Date: Sat Nov 25 22:38:05 2006
Author: Edward Sabol
Subject: Re: The Inconvenient Truth
Sorry if I helped the list deviate, however your clear concise economic
focus was worth it
best to all
----Original Message Follows----
From: "David Sturm"
Subject: Re: [tap-l] The Inconvenient Truth
Date: Sat, 25 Nov 2006 20:52:57 -0500
Perhaps this discussion should occur on an alternate list from tap-l? I'll
look to see to creating something on Yahoo groups that we could all share
since I'm not sure how Al Gore's politidocumentary affects my ability to
work with physics
laboratory, lecture and education...
My only contribution to the thread will be to correct an extreme factual
error presented here, because I believe it disparages the real American car
industry, of which I have a number of relatives employed in...
firstname.lastname@example.org on Saturday, November 25, 2006 at 6:08 AM -0500 wrote:
>The reason Toyota as a car manufacturer does extremely well in comparison
to the economically protected American car industry is the mere fact that
they have been optimizing their cars for less resource consumption for
I know slagging America seems to be popular, but Toyotas and Hondas and most
other "so-called imports" driven in the United States are by far produced
*in* the United States, and are part of the American car industry, employing
and American scientists, many of whom received their physics education in
our PIRA-supported classrooms... I've had cousins employed at the Honda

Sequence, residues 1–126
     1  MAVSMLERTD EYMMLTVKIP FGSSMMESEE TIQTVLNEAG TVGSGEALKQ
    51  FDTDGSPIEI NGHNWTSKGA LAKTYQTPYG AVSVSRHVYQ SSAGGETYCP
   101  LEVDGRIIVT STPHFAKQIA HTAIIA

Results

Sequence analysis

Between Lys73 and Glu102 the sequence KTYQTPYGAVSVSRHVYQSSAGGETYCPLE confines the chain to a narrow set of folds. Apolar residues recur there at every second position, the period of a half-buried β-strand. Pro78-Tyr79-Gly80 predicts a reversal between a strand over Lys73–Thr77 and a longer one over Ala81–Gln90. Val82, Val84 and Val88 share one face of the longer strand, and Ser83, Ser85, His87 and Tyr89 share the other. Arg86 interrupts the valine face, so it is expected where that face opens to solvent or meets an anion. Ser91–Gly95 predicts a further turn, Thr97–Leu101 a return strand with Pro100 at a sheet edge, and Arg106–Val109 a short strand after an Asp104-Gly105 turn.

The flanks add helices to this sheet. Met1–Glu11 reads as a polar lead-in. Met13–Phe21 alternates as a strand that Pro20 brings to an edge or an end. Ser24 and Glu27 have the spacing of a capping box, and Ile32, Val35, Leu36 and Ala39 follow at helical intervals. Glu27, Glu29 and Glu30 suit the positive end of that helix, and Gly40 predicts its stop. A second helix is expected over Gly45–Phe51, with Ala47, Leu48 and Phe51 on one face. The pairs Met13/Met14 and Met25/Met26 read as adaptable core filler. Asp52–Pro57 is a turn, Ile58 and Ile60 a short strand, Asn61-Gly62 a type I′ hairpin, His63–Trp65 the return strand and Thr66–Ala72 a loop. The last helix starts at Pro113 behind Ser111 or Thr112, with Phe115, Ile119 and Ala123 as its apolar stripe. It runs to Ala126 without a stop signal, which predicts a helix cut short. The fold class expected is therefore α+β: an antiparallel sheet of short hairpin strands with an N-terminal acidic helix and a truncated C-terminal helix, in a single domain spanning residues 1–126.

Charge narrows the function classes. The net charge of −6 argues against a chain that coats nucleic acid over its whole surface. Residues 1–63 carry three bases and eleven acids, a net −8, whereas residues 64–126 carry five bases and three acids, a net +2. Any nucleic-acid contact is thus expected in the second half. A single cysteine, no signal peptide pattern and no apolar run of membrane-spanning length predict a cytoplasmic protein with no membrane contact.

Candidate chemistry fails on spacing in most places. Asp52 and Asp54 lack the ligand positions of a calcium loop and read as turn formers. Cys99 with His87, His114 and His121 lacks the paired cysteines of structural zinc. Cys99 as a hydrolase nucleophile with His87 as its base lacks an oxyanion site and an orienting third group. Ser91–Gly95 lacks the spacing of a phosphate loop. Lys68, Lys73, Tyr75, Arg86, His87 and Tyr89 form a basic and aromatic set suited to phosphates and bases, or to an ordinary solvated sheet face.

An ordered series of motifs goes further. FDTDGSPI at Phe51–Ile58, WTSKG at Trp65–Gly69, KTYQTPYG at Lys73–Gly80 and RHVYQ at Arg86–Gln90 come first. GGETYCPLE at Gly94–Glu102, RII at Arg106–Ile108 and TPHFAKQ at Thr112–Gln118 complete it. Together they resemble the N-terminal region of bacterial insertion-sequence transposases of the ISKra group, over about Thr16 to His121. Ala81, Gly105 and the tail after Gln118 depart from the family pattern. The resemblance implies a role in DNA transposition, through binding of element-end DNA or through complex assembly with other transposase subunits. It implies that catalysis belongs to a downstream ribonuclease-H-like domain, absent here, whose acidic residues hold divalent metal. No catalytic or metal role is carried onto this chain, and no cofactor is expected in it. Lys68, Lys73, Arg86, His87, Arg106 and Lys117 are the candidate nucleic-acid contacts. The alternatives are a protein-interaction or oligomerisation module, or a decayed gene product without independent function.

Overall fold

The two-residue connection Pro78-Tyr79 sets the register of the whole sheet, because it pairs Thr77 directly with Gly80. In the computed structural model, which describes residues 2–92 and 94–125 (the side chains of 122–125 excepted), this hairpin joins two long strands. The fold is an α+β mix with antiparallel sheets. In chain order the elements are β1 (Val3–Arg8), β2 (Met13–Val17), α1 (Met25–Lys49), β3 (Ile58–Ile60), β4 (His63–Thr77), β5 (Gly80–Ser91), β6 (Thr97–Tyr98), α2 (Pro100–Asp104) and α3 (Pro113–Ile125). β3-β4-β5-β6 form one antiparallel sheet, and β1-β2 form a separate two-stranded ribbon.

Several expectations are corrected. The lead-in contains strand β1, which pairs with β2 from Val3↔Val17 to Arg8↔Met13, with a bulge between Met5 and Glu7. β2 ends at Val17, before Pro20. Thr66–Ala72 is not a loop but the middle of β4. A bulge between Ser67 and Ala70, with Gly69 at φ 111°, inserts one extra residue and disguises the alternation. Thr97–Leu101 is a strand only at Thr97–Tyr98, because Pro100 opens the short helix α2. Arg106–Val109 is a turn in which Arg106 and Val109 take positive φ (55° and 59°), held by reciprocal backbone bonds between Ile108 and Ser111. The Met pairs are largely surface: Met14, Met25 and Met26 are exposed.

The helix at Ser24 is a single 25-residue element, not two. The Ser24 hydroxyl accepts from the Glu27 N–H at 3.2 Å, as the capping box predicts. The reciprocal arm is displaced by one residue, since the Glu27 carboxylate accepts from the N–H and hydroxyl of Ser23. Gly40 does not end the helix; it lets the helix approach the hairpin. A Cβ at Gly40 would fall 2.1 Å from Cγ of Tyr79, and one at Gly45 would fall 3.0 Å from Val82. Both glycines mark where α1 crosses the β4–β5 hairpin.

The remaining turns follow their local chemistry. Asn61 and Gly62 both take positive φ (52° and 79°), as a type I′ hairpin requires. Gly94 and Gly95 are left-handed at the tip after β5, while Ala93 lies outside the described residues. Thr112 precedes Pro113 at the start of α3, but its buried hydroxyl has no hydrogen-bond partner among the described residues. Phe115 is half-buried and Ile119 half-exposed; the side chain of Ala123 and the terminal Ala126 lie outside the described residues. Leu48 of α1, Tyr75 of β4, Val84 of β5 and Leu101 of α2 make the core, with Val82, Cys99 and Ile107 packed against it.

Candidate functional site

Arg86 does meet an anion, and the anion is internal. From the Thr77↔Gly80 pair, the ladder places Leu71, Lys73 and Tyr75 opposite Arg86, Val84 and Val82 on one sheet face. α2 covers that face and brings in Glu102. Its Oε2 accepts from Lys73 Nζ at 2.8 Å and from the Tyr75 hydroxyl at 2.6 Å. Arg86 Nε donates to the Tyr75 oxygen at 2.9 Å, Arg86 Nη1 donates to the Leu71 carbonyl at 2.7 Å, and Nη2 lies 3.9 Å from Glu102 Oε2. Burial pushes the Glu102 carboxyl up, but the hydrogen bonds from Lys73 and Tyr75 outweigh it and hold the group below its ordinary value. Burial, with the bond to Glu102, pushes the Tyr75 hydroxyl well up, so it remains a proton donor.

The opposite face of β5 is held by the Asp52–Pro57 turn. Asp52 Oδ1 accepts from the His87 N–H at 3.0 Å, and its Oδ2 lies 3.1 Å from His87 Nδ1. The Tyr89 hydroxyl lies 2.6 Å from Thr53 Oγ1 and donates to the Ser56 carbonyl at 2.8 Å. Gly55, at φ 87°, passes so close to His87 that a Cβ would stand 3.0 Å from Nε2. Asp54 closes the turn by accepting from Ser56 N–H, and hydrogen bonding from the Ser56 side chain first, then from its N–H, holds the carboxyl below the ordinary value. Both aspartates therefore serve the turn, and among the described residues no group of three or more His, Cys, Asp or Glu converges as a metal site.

plant northwest of Columbus, Ohio near Marysville, Ohio since the plant
opened in 1982
It's "more American" than Ford plants in Mexico, GM plants in Canada, etc.
BMW manufactures in South Carolina... Mercedes in Alabama... and the list
goes on... And Daimler-Chrysler... is a German company now, not an American
one. And even that's
really meaningless in this day and age. My stock portfolio has Honda in it
(NYSE: HMC), as do many of its employees in the U.S....
There's no economic protection in the United States, clearly. Ford and GM's
problems have to do with union contracts they negotiated in the 1960s and
1970s that gave liberal benefits to retirees until death. They can't
numerically sell the number
of cars that supports that pension overpromising... Because they overspent
on labor, they ceased putting quite as much into R&D... and make economic
decisions that aren't based on supply and demand.
David E G Sturm - email@example.com - 1.207.581.1241
--Physics & Astronomy Instructional Laboratories
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